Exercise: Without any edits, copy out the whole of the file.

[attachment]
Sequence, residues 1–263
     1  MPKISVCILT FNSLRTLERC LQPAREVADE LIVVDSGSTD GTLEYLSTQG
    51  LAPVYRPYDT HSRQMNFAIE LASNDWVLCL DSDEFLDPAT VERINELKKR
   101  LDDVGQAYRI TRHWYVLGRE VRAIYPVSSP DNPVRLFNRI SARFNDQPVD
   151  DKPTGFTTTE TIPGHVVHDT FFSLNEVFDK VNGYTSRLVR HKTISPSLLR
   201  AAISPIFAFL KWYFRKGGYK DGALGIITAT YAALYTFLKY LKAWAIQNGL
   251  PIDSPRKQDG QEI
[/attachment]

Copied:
Sequence, residues 1–263
     1  MPKISVCILT FNSLRTLERC LQPAREVADE LIVVDSGSTD GTLEYLSTQG
    51  LAPVYRPYDT HSRQMNFAIE LASNDWVLCL DSDEFLDPAT VERINELKKR
   101  LDDVGQAYRI TRHWYVLGRE VRAIYPVSSP DNPVRLFNRI SARFNDQPVD
   151  DKPTGFTTTE TIPGHVVHDT FFSLNEVFDK VNGYTSRLVR HKTISPSLLR
   201  AAISPIFAFL KWYFRKGGYK DGALGIITAT YAALYTFLKY LKAWAIQNGL
   251  PIDSPRKQDG QEI